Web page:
Letter from Sarah Hayden, RTVF 2008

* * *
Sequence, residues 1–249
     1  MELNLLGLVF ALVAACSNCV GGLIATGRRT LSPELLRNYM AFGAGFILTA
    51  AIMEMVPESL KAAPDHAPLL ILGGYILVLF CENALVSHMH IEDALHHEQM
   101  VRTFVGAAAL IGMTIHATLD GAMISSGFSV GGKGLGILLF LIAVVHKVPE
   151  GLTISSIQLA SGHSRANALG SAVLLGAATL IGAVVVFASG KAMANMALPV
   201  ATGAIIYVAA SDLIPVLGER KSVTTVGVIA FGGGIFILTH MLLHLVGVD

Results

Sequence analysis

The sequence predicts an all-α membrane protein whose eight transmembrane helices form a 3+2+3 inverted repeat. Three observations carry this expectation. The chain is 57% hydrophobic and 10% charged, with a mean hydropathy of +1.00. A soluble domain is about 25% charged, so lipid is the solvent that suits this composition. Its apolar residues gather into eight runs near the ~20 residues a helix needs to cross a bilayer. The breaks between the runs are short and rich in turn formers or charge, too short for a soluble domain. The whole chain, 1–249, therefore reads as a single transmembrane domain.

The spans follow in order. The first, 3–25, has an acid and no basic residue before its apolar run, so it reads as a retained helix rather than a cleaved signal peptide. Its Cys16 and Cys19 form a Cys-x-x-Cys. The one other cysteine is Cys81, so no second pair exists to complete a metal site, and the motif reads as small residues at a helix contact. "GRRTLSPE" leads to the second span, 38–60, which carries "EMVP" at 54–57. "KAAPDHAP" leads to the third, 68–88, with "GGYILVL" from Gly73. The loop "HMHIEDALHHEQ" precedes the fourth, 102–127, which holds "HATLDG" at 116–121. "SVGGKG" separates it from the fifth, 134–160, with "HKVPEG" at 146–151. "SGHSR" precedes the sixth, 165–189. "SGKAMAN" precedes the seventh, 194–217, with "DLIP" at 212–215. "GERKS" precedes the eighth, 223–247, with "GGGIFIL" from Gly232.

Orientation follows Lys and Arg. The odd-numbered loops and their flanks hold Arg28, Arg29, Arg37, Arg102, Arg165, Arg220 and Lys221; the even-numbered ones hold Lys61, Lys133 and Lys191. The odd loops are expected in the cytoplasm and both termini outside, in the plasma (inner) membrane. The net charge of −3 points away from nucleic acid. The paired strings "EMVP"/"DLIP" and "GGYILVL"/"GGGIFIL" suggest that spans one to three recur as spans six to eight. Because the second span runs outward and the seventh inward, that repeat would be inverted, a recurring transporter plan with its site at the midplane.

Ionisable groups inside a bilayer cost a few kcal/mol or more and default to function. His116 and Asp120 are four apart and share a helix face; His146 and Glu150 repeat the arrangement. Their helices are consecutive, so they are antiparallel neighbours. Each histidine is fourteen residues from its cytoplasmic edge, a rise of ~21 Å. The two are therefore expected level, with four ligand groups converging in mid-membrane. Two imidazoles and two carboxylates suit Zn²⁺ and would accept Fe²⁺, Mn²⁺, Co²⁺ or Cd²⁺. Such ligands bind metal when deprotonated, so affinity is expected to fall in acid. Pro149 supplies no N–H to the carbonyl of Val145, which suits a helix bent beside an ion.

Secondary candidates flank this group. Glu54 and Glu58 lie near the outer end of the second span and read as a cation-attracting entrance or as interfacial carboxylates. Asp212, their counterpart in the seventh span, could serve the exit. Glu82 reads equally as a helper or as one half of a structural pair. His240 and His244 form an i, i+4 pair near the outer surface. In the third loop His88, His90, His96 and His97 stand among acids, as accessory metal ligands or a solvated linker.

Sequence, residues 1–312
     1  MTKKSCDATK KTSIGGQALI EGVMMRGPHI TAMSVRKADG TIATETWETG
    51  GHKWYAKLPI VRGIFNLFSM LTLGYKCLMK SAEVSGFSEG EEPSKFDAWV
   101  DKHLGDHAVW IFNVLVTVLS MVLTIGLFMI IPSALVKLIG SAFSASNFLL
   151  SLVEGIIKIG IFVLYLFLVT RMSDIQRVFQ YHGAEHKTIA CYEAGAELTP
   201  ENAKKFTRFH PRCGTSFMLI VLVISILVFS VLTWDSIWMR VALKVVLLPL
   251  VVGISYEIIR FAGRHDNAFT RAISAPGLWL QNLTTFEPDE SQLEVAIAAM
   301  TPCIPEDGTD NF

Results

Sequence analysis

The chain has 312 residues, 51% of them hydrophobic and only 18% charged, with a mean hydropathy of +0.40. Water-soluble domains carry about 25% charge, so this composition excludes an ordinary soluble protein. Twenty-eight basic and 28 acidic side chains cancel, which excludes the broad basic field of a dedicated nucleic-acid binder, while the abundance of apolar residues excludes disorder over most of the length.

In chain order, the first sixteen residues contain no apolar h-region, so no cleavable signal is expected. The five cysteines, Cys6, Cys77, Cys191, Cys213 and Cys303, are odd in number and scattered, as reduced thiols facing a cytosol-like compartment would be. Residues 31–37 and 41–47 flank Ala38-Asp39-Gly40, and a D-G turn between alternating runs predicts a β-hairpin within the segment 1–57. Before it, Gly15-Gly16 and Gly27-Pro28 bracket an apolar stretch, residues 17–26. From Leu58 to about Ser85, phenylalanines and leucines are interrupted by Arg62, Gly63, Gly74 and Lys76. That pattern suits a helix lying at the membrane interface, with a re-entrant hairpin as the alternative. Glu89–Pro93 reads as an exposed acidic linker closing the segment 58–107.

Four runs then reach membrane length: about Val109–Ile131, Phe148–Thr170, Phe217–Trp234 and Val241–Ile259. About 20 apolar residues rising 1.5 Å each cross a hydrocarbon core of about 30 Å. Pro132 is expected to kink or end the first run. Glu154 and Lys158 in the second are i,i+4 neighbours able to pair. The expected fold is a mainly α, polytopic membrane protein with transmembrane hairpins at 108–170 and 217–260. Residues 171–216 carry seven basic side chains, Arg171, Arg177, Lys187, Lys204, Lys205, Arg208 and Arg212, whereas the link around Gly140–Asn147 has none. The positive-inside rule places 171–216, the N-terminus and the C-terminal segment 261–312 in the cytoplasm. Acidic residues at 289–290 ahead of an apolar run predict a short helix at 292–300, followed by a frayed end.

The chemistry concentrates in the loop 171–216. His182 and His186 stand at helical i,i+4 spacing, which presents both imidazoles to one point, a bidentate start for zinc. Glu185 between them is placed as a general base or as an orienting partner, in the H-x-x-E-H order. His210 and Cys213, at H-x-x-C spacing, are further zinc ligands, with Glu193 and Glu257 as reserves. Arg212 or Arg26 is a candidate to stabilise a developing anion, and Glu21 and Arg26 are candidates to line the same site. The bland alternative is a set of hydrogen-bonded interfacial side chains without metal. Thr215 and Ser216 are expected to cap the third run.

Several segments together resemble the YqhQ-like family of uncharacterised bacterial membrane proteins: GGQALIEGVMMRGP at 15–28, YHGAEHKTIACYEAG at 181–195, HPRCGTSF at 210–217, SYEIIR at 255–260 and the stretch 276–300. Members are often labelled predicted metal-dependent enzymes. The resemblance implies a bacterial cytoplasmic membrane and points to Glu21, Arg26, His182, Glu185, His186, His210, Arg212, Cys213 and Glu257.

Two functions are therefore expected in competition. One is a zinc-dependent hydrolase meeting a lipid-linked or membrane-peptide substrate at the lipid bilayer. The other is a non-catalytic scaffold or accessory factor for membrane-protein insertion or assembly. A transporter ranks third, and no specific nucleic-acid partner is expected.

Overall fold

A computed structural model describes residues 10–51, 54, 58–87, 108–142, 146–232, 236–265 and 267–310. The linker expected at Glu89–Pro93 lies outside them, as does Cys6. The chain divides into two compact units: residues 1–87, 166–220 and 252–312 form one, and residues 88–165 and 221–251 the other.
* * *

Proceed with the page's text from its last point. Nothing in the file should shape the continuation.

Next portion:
I’m writing in regards to the changes in the funding system in the RTVF department. Frankly, I find the changes not only short-sighted, but irresponsible – how Northwestern can continue to claim to have a Radio-Television-Film major in which none of those subjects is actually taught is beyond me. The one saving grace for a waning department that doesn’t offer classes that adequately prepare students for a career in their field of study was the fact that students were able to prepare themselves on the side. Though student-to-student funding was never a perfect system, it was an unequivocally better system than the one that’s been implemented in its place.